PDT Staff Writer
A recent local shooting has brought people out of the woodwork asking questions about the facts surrounding the case, including questions about concealed carry permits, laws, and practices. According to Scioto County Sheriff Marty V. Donini, it is not unusual for people with concealed carry permits to carry their guns with them almost all the time.
Donini said 33-year-old Steve Holsinger, of 9550 Old Gallia Pike, Wheelersburg, died Thursday from a gunshot wound. The shooter has been identified as Tyler Staker, age 22, of Portsmouth. Donini said his detectives were told Staker and his father, Robert Staker, went to Holsinger’s residence to repossess a piece of equipment that was purchased from their business that had not been fully paid for. According to Donini, detectives determined that Staker and his father had been at this location for over an hour knocking on the door in attempts to return the equipment, before an argument ensued, and, according to the report, Holsinger pointed a gun in Tyler Staker’s face and told him they had three seconds to get off the property. That is when Tyler Staker fired several shots killing Holsinger.
Both Donini and Scioto County Sheriff Chief Deputy Todd Miller said they believe Tyler Staker has a concealed carry permit.
Miller said there is a protocol that is followed by those applying for concealed carry permits.
“When somebody comes in and applies for a concealed carry, they fill out an application. And they bring in a proof of training, which is a certificate or a DD214 or whatever they are using,” Miller said. “I process that application and approve. The law says I destroy everything, with the exception of the applications. I keep the application on file here. And I’m not allowed to reproduce any type of electronic listing of applicants. It’s a privacy thing.”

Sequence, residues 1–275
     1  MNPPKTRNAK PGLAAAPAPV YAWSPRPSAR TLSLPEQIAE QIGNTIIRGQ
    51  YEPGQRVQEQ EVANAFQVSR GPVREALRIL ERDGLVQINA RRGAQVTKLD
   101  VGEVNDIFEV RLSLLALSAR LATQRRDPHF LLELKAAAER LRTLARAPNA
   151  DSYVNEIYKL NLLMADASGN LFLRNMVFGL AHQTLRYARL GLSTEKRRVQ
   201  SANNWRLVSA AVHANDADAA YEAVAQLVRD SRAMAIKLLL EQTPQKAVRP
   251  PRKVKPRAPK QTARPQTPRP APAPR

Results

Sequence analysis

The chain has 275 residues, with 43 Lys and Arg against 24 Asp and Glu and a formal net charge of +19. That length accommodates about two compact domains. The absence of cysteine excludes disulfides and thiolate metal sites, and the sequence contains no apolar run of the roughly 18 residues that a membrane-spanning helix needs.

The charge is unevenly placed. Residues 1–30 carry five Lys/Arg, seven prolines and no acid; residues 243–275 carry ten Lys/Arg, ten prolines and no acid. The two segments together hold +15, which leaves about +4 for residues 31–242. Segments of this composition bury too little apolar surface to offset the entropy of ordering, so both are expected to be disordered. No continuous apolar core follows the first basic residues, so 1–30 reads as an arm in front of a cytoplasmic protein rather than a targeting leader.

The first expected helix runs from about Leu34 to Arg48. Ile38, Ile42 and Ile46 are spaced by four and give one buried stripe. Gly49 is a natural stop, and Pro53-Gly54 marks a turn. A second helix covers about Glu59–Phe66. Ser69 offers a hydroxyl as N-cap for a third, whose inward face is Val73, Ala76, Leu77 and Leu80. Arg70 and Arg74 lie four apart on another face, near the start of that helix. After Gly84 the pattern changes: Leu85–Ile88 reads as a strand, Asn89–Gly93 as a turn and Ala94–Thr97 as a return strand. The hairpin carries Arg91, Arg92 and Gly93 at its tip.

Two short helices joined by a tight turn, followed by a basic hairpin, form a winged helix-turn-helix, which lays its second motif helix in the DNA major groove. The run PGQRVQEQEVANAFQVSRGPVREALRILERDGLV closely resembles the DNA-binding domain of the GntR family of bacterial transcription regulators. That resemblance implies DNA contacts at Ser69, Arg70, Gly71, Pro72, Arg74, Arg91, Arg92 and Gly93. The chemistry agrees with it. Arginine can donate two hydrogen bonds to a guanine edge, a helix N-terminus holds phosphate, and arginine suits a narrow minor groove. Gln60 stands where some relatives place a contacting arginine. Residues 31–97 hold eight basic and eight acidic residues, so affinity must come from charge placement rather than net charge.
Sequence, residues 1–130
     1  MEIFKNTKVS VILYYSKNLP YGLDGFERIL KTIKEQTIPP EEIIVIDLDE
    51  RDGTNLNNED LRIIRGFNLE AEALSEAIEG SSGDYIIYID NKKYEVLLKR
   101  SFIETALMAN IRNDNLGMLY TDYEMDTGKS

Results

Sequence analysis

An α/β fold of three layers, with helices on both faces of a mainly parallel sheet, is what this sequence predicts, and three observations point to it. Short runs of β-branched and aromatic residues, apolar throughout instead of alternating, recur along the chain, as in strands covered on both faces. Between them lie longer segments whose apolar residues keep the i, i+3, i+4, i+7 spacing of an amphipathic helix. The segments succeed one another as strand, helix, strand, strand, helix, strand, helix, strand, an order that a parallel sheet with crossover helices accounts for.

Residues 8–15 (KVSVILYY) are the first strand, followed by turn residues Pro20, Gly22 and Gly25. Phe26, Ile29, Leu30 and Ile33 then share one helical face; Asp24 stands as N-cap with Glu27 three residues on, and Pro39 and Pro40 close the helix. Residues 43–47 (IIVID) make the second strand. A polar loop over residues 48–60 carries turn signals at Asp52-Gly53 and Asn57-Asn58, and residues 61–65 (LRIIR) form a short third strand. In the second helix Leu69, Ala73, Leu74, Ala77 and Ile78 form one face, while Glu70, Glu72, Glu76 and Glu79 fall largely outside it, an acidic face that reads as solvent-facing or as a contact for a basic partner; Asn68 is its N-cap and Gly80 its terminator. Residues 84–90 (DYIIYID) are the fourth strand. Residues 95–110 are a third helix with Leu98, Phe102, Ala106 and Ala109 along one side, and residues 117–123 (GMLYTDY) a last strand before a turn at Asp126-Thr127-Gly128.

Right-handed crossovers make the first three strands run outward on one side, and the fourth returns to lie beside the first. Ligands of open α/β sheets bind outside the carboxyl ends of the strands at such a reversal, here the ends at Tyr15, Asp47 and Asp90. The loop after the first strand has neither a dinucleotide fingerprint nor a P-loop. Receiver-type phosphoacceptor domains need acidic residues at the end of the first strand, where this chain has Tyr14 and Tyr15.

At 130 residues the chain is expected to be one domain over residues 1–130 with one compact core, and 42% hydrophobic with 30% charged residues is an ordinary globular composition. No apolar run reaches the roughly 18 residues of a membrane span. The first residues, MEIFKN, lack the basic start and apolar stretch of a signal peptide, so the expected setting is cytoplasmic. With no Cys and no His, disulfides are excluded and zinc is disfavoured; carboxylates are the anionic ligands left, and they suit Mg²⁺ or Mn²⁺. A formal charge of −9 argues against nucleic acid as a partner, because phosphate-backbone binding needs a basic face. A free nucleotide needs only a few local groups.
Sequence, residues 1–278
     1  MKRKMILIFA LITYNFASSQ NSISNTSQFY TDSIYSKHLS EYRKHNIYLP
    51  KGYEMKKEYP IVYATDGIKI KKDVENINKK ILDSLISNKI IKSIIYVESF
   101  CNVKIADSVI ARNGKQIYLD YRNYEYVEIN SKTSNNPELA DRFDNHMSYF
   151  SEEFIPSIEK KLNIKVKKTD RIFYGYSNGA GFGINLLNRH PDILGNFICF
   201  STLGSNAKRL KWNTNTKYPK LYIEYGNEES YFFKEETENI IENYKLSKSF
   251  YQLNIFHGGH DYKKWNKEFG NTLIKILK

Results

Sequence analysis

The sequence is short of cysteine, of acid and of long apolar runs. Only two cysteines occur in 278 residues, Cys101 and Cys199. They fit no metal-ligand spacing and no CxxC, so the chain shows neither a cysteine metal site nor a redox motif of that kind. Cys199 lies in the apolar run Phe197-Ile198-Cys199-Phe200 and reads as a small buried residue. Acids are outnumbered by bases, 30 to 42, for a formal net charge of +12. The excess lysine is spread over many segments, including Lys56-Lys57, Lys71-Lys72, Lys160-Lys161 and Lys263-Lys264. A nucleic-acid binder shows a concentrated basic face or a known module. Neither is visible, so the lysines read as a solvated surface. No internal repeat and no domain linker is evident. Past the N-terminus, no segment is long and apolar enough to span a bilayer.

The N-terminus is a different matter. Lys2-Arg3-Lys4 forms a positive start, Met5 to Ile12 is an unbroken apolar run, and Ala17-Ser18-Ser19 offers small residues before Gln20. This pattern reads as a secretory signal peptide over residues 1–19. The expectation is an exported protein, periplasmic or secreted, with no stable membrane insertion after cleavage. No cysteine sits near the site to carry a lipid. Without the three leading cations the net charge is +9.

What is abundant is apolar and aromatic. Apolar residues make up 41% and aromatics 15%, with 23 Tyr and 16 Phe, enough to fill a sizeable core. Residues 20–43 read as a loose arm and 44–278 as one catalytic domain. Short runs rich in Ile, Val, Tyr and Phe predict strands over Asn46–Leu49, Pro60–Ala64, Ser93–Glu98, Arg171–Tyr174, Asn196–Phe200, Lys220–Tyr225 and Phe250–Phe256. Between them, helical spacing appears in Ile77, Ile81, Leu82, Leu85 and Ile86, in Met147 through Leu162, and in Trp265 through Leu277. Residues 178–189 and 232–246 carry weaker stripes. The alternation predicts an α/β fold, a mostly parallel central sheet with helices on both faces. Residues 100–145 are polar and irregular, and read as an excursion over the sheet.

“As far as doing the classes, we’re staying pretty steady,” said Dave Page, owner of The Gun Store, 3164 Gallia St., in Portsmouth, and a certified National Rifle Association instructor. “All they have to do is take a 12-hour class. At the end of that class, they will receive a certificate. They take that certificate down to the sheriff’s department, and pay the fee for the background check, and usually within a month they can have their license.”
Miller says no public list of CCW carriers in Scioto County exists.
“They shut that down real early on, because somebody was wanting records for the entire state, and they shut that down pretty quick,” Miller said. “We’re not to maintain any kind of electronic list, nor are we to disseminate any type of electronic list. We simply keep the applications.”
He said during years of 2010 and 2011, 1,324 CCW permits were issued in the county, averaging 59 per month over that period. In the first quarter of 2012, 160 new permits were issued, three people were rejected, five suspended, and one denied.
In June, the Ohio House of Representatives passed House Bill 495, sponsored by State Rep. Terry Johnson, R-McDermott. House Bill 495 modifies Ohio’s concealed handgun laws. The bill expands reciprocity agreements to allow Ohio’s concealed carry holders to carry in states like Georgia, the last remaining state between Ohio and Florida in which Ohioans cannot carry a concealed weapon.
Frank Lewis may be reached at 740-353-3101, ext. 232, or at firstname.lastname@example.org